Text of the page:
Collecting Kentucky Derby

Early Kentucky Derby 1950's era julep glasses $50 to $200
Kentucky Derby ladies feather hat,  $200
Kentucky Derby commemorative trivet, $15
Kentucky Derby 2000 Official Poster - $35
Kentucky Derby ticket stub 1944, $20 to $45
Kentucky Derby Run for the Roses pin, $25
Beanie Baby, 2004 Smarty Jones, $6 to $15
Kentucky Derby plate 1977, $50
Kentucky Derby 2007 official scarf, $350 to $600
DVD Game 'Horses of the Kentucky Derby',  $30
DVD 'Barbaro',  $30
Kentucky Derby commemorative key chain 1998, $20
Book - Little Freddie at the Kentucky Derby
Book - Run for the Roses
Book - Kentucky Derby
Book - Kentucky Derby Glasses Price Guide
Beanie Baby, Secretariat, $6 to $15
Kentucky Derby commemorative whiskey bottle 1970, $15 to $25
Kentucky Derby 1973 official pegasus pin, $1000
Kentucky Derby 2008 official pegasus gold pin, $25
Kentucky Derby  Complete Tickets, past years $5 to $15
Kentucky Derby Program, 1963 $15
Kentucky Derby Beetleware glass, 1940s, starting at $1950+
Mint jigger glass 1940s, $600
Mint Julep glass 1940s, $75 to $200
Mint Julep glass 1952, $75 to $125


Kentucky Derby 2008 Official Poster - $40

It is billed as the most exciting two minutes in sports. And it is for 3-year olds only. We’re talking about the ultimate horse race known as the Kentucky Derby.

The race may just be two minutes, but the festival in Louisville, Kentucky begins two weeks in advance. Over the past 50 years, it’s grown into the biggest event in Kentucky with parties, dinners, honors, discussions, events, warm-up horse races, golf, balloon races, fireworks, paddle boats, cruising, mint juleps and, of course, souvenirs. Collecting Derby memorabilia is the second largest pastime in Louisville and it continues well after the hooves of the winner have fallen silent. Let’s review just a few of the official ones.

The Horse

The ultimate souvenir of any Kentucky Derby is the winner itself, a three year old colt, gelding, or filly. Exact figures of what it takes to breed a Kentucky Derby winner varies, but the value increases to the millions after the awarding of the blanket of 554 roses to the winner. This is one collectible that continues to appreciate once it is retired to pasture.

The Winning Ticket

Ah, but the second biggest collectible is at the pay window. Taking home the winnings from the Kentucky Derby is the ultimate collectible and it comes with free bragging rights. What a deal. Interesting, but I’ve never seen losing tickets auctioned online anywhere.

The Mint Julep Glass

All right, these are great collectibles for the rest of us. The mint julep is the favorite drink of the Kentucky Derby, so naturally there is a special glass made both for enjoying the drink and for collecting. Official Kentucky Derby mint julep glasses became instant collectibles when they were introduced in 1938. As with any collectible, there are variations each year. According to, there were aluminum and Bakelite glasses during World War II. The 1950 and 1951 glasses are the rarest, but 1974 had the most variations from two different companies due to a printing error. Read Audra Blevins blog about the mint julep glass and how to make what goes inside one.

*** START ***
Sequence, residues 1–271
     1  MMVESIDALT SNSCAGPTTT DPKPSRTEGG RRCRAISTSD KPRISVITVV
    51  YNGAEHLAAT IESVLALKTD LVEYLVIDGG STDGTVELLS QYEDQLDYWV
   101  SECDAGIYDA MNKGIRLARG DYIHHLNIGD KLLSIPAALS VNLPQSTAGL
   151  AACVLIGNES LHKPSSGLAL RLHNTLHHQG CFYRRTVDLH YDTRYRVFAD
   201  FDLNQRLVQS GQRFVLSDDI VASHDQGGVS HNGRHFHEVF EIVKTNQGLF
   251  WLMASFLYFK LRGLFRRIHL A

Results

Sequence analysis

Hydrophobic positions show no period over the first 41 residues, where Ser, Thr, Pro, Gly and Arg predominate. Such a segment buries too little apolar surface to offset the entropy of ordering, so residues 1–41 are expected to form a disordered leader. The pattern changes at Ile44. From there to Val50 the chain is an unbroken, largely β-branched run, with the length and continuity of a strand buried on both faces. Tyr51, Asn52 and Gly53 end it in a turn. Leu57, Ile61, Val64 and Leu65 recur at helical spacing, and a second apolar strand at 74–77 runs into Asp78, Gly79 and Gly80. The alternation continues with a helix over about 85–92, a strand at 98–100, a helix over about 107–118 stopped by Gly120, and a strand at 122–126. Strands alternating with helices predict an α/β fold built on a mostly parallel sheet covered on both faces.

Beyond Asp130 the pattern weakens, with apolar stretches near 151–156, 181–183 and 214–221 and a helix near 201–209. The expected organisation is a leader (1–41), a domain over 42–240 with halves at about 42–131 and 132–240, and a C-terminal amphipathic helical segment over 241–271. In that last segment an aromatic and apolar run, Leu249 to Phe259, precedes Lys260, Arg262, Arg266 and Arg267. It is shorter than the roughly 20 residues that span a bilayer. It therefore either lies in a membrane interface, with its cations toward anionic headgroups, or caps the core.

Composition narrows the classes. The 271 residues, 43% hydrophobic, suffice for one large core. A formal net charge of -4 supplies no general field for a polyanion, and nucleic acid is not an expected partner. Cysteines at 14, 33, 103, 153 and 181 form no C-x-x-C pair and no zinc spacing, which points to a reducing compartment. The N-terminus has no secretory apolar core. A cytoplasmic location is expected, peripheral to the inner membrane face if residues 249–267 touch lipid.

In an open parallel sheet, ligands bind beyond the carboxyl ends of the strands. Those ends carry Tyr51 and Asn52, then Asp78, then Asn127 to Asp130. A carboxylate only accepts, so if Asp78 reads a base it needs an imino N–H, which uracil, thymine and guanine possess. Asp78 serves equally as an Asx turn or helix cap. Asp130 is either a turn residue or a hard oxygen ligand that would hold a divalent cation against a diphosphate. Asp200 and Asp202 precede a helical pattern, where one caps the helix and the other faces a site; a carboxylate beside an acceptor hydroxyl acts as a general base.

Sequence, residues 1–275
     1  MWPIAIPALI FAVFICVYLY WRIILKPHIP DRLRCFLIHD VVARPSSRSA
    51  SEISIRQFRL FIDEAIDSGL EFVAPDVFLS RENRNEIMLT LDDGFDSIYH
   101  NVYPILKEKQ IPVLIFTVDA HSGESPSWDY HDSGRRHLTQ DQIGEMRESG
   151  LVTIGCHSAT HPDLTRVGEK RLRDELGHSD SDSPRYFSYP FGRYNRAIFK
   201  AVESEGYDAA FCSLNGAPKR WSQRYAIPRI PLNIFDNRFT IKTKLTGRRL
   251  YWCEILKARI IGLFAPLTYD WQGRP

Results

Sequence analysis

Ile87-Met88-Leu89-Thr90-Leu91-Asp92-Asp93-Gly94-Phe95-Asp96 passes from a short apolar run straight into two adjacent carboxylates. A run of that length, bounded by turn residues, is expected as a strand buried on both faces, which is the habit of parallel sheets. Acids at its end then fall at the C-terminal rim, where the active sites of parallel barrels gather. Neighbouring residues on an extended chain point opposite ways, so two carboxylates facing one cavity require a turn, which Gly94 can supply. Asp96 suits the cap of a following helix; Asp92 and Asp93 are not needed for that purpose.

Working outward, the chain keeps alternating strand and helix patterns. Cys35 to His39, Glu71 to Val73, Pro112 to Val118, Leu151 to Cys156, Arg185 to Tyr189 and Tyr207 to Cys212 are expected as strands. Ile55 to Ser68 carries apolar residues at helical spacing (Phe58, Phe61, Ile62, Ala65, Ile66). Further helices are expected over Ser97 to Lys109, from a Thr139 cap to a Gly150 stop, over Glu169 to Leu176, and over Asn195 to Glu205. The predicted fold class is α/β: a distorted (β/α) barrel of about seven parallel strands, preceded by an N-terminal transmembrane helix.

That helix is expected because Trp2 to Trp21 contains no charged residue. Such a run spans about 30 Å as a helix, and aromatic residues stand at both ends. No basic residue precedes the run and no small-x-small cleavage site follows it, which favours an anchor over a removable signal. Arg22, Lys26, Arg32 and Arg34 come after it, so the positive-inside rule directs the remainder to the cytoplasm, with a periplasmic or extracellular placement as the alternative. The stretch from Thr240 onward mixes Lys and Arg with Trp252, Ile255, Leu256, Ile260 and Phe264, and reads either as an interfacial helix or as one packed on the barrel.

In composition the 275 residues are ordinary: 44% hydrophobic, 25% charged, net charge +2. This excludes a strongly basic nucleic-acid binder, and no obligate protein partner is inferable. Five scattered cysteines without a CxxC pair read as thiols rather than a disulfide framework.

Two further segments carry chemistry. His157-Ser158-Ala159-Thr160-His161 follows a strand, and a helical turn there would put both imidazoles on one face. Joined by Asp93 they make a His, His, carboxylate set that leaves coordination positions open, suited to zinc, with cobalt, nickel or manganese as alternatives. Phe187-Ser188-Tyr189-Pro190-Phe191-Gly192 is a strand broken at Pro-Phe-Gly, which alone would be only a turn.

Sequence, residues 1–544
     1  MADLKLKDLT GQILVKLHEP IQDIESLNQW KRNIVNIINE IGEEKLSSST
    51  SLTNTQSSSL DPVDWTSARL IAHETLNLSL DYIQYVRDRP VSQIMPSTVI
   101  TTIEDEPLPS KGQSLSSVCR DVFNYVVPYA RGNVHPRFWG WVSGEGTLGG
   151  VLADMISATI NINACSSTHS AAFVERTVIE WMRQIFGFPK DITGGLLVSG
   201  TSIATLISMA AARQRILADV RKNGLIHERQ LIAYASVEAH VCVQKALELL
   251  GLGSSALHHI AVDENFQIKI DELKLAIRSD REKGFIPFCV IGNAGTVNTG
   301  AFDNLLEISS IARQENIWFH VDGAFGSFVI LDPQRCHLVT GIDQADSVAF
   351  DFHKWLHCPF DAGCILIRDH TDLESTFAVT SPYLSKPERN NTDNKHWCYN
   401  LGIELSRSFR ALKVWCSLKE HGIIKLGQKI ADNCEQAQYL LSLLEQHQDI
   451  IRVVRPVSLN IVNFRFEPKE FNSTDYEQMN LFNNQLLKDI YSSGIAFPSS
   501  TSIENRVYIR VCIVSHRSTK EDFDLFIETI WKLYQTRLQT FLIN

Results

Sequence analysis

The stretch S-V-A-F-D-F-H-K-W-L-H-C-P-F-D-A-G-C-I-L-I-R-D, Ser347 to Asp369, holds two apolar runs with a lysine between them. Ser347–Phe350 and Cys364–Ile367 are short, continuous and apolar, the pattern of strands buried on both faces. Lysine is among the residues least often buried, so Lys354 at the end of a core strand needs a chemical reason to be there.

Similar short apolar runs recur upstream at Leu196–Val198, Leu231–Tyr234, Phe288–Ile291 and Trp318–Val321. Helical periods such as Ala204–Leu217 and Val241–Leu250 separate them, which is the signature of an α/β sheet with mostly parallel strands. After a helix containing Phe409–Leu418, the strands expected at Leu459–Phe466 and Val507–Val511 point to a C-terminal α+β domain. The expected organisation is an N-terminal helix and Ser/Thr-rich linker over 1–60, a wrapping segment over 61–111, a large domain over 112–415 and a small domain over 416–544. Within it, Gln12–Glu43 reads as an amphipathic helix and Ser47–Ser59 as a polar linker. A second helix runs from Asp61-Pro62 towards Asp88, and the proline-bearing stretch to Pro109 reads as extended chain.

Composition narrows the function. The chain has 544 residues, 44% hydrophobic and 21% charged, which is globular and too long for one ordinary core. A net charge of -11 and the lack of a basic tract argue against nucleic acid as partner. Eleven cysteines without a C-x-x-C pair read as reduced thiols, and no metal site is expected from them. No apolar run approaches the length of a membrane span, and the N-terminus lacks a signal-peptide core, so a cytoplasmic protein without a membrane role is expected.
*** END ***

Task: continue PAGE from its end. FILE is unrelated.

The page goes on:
The Official Silk Scarf

Silk scarves are a relatively new collectible for the Kentucky Derby. Chuck Starr of Collectors Gallery says the first officially sanctioned scarf was introduced by Churchill Downs about 1995. Only about 200 are made every year, which makes them very rare indeed. The only place to find the current, officially sanctioned Kentucky Derby 2008 silk scarf is through the exclusive distributor sanctioned by Churchill Downs at or ordering directly from Judy Starr at a cost of $350 each. Look for the twin spires graphic on each corner of the scarf to know it is authentic.

The Official Kentucky Derby Festival Pin

Each year the Kentucky Derby Festival issues a decorative commemorative pin. Beginning in 1973 with a plastic Pegasus pin, there are now festival, corporate, chairman and balloon pins, too. Get a pin starter kit for 2008 and included is a new addition, a lanyard. There are so many pins that it is hard to get ‘pinned’ down on just how many styles there are. Each pin is available individually or as part of sets from online auction sites. Visit their store and see a full selection of pins past and present.

The Official Kentucky Derby Festival Poster

Since 1981, when renowned artist Peter Max designed the first colorful festival poster, artists from around the country have competed to provide the right pre-race excitement every year. For 2008, artist Rick Garcia of Santa Fe, New Mexico contributed a colorful rendition that includes all of the elements of the Kentucky Derby Festival. His design will be featured on t-shirts, glasses, used in media advertising and on many more Derby collectibles. All of the past Derby posters are still available by visiting their store and ordering your favorite.


There are other Derby collectibles beyond the officially sanctioned ones. There is an early travel poster such as the one issued by the C&O Railroad that advertised Kentucky as a travel destination rather than the Derby itself, plus old tickets, programs, newspapers featuring the winner, hats, balloons, key rings, t-shirts, Beanie horses, books, whiskey bottles, shot glasses, photos, DVD’s, plates, software games, trivets and … who knows what else?

If the Kentucky Derby is the ultimate in horse racing, then it is also the ultimate in horse racing collectibles, too. So, get them while you can. Ready? Aaaand, we’re off!


Official Kentucky Derby Festival site

History of the Kentucky Derby Festival

Kentucky Derby Officially Sanctioned Scarves

Kentucky Derby official posters, pins and other memorabilia

About the Kentucky Derby Museum with a video presentation

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